I tip my hat to Ms. Gilbert and her well-earned success. This fact alone tells me that her story was the right piece written at the right time, that tells me it was lucky, but there was also a connection established between writer and reader, as her individualistic journey is a story many can relate to, especially since our country has built itself around individualism. Though she didn’t necessarily set out to write this book, and was merely looking for a way to find herself again, she has accomplished both, and I might add rather admirably. I can’t think of too many people who would turn down the opportunity she was presented with. Most important of all, though, is that she came out a better, stronger, more rounded person on the other side, and I believe that’s one journey we should all strive for.

Creeped Me Out Something Fierce

8521731Still Missing by Chevy Stevens
My Rating: 5/5 Stars

If my mother were Lorraine O’Sullivan, I’d have shot her self-absorbed ass and fed her decomposing corpse to the coyotes, while whistling the theme to Deliverance through my missing two front teeth. Which would have presented me with one of two scenarios: either I would have been locked up so fast I wouldn’t have had time to stop whistling let alone scream for an attorney, or Clayton Falls might have thrown a parade for me on the spot, to include fire engines and penny candy and clowns and the local marching band. Either way, though, it would have ended in fireworks.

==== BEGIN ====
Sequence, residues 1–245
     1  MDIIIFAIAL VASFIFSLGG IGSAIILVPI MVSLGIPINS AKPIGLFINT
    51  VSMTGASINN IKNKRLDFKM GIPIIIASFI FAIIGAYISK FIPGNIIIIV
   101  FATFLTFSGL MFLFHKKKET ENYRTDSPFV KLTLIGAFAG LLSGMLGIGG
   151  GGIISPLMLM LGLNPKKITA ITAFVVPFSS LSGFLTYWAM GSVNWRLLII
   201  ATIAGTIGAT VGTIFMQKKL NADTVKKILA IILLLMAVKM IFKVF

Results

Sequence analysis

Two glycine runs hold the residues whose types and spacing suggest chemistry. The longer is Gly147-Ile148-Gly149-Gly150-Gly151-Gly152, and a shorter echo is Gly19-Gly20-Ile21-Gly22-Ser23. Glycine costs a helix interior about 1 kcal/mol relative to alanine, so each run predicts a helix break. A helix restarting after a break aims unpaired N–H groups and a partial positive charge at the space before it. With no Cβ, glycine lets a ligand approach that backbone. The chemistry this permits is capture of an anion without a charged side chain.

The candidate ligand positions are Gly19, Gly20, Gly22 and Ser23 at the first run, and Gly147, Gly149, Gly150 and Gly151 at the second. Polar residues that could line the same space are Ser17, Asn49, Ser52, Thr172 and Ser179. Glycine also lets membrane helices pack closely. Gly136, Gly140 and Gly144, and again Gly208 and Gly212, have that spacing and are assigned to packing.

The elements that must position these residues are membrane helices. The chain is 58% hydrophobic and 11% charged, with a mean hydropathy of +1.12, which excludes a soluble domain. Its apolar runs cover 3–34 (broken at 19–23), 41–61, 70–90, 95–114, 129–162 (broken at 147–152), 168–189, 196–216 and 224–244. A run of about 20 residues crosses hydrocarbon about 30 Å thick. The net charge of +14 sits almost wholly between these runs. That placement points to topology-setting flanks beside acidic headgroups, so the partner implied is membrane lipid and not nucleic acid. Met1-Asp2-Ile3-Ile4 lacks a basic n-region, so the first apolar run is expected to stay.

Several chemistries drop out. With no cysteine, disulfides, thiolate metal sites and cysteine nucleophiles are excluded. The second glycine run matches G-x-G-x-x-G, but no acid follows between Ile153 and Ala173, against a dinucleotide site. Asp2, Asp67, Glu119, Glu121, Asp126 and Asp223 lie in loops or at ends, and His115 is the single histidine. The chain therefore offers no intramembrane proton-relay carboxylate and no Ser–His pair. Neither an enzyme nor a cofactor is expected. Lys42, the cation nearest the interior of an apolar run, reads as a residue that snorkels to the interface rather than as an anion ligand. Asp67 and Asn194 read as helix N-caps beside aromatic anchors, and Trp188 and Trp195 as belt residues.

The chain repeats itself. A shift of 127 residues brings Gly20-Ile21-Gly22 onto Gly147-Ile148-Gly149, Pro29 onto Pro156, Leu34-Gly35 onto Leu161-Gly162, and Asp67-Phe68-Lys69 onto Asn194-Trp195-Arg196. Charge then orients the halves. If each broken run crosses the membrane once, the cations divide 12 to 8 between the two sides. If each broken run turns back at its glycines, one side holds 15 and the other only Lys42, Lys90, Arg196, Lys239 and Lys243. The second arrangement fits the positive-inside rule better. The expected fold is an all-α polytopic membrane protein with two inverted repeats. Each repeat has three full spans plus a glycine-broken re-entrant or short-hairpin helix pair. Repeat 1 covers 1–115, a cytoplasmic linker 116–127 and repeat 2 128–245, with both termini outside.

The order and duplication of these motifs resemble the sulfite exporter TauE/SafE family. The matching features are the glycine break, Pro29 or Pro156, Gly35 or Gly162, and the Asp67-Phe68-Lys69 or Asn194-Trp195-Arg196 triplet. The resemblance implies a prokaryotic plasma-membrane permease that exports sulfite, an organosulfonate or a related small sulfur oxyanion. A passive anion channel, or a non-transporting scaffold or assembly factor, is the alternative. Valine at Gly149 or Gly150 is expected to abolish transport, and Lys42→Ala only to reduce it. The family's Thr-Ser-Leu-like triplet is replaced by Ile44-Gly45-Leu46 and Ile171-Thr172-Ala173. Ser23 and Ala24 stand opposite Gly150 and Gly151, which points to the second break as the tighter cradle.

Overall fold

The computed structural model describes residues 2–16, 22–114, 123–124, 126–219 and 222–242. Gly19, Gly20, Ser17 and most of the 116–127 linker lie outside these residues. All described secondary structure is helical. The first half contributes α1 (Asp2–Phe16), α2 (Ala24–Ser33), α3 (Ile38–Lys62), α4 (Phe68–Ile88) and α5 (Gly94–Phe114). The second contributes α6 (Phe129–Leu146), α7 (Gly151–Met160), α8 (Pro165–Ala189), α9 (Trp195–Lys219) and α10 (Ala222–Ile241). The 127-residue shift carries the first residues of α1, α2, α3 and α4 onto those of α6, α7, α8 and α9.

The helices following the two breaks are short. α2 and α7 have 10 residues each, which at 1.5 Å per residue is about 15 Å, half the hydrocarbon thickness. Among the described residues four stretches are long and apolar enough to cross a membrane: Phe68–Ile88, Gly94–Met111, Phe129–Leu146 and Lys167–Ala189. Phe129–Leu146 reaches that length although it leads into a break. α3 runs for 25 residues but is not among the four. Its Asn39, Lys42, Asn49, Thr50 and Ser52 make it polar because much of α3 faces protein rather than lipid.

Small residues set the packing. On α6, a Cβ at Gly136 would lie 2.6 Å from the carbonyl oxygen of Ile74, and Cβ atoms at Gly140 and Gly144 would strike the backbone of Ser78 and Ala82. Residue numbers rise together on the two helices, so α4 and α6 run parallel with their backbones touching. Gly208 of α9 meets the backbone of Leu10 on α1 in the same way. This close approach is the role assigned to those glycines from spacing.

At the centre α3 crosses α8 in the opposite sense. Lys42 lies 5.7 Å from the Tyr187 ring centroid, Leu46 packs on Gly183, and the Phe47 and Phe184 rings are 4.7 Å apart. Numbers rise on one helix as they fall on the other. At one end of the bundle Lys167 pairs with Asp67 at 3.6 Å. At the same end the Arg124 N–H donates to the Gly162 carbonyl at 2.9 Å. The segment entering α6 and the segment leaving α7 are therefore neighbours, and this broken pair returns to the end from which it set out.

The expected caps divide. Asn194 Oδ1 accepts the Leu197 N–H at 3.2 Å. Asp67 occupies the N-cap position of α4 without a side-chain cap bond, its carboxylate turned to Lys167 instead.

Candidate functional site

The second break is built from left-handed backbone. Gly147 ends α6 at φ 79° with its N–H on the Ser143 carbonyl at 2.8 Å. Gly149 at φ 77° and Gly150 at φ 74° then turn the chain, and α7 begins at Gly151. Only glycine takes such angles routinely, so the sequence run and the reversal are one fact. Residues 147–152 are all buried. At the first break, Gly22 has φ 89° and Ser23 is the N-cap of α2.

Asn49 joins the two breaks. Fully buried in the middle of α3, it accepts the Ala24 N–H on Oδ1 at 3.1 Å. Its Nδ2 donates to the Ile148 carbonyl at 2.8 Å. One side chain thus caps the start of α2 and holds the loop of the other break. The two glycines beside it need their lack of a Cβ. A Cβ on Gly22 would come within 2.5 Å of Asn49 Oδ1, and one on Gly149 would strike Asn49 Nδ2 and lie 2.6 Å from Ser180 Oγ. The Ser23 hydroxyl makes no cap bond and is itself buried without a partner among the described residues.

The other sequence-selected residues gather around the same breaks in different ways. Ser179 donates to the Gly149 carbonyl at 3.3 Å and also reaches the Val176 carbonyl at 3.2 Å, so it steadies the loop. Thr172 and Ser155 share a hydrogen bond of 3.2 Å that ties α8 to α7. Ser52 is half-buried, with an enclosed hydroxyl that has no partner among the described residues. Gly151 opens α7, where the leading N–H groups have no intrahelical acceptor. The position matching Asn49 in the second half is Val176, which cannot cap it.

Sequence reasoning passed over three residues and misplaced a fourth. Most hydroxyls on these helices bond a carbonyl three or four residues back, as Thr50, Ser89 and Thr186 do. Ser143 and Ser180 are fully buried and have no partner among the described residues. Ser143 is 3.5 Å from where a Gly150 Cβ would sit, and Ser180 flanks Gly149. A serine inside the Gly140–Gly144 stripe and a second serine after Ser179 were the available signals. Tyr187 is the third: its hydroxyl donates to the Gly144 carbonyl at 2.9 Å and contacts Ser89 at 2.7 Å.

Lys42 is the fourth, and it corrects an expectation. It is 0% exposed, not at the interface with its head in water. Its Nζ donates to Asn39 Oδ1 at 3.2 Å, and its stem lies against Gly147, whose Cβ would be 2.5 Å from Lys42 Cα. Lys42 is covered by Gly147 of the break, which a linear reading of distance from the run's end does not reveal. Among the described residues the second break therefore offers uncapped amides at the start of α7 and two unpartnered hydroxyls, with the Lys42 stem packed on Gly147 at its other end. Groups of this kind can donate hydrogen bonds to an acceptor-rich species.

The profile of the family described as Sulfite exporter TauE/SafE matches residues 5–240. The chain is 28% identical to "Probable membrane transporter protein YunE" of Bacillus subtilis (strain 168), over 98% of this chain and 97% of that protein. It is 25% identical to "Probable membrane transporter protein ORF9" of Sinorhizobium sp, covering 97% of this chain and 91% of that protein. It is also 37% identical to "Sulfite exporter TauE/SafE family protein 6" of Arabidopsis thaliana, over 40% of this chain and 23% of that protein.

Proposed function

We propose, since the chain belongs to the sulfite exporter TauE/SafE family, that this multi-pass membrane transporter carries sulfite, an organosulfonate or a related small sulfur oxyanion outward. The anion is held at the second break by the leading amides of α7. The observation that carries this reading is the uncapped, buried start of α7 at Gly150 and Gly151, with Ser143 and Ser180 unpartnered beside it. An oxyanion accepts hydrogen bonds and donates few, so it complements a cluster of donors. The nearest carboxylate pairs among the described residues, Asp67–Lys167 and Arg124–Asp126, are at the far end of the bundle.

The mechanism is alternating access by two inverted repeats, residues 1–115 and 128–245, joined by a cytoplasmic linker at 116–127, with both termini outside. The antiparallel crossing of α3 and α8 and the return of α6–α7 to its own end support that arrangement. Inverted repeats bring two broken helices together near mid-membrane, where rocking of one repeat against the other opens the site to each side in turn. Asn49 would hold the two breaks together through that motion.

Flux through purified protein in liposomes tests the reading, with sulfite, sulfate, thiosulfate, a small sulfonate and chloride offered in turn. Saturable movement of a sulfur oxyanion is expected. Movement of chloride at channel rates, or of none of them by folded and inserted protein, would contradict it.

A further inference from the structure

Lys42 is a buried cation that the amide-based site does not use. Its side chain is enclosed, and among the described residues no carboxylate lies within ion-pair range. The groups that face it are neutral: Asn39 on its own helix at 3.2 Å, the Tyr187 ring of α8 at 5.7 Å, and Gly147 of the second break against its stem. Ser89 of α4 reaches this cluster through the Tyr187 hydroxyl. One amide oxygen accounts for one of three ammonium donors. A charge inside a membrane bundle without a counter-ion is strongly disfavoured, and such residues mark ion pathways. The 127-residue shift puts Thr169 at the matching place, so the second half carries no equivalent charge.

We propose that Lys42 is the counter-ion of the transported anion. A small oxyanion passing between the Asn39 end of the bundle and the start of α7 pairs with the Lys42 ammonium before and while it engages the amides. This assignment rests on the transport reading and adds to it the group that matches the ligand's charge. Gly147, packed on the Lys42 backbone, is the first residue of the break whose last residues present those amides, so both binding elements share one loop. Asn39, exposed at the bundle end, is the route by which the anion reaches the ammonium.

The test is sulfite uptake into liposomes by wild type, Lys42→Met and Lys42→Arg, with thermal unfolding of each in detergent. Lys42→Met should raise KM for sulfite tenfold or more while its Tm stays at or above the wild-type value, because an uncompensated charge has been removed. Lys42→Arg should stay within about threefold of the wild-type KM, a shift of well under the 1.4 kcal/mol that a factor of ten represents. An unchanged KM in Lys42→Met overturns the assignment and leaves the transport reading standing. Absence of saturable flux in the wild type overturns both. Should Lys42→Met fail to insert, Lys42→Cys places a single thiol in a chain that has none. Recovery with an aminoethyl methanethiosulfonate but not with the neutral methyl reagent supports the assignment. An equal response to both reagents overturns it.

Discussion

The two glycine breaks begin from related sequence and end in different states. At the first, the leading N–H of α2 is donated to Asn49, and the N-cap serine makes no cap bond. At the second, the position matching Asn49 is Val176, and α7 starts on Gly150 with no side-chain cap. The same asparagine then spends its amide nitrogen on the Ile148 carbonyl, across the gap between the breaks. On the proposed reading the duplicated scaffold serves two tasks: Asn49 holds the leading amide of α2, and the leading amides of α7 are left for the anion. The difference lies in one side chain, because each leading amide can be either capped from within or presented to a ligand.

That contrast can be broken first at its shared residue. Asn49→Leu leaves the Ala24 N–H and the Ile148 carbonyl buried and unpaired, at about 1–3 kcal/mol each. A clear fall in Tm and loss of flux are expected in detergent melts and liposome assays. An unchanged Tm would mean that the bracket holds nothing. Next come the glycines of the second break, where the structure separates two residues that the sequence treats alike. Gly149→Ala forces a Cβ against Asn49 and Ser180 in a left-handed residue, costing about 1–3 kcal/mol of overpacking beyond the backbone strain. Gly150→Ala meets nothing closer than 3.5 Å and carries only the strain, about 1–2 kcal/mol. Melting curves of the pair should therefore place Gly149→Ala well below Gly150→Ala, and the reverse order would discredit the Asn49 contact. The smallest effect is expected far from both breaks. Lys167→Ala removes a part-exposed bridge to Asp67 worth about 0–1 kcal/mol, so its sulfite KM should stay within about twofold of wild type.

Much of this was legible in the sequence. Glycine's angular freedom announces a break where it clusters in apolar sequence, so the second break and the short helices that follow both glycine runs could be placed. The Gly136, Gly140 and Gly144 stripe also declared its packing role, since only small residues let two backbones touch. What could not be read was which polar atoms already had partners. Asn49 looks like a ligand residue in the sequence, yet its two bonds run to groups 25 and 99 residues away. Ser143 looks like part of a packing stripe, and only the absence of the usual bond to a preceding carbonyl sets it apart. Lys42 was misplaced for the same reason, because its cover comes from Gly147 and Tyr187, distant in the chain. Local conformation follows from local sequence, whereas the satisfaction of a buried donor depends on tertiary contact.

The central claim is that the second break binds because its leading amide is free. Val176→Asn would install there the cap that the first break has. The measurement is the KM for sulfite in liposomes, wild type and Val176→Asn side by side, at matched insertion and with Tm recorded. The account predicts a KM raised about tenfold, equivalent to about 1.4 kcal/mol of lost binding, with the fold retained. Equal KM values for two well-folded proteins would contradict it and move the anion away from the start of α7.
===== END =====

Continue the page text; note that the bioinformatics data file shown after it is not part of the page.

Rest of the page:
But aside from parades and jail cells, STILL MISSING creeped me out something fierce. Heck, Deliverance (which I should disclose I haven’t seen) with its mountain men and male rape scene sounds more like rainbows and pixie sticks compared to what transpires in this novel. STILL MISSING is told through flashbacks via Annie O’Sullivan’s therapy sessions, as she talks about her yearlong mountain cabin confinement, daily rape, scheduled pee breaks, and attempts to escape. David, her captor, brings a new definition to the word psychopath.

There’s also a second narrative recounting events in her life following her escape, and frankly, it doesn’t sound like her life has improved all that much. Annie sleeps in closets, jumps at any sound that races through the night, and shuts down from the world around her. She’s a victim in every sense of the word, and her strong, vibrant nature and social life suffer accordingly. Reading about her dramatic change was near gut-wrenching, but this was a book I wasn’t about to put down. With its plot twists, true-to-life characters, confinement issues, and individuals with psychopathic tendencies, this novel has something for everyone, minus the kiddos.

With her debut novel, Chevy Stevens has already proven that she’s a psychological thriller master. I’ve already purchased her follow-up NEVER KNOWING, and I eagerly await the opportunity to be creeped out all over again. I just need to take a few deep breaths before I make the plunge.

A Strong, Particular Shine

17931878The Shining Girls by Lauren Beukes
My Rating: 2/5 Stars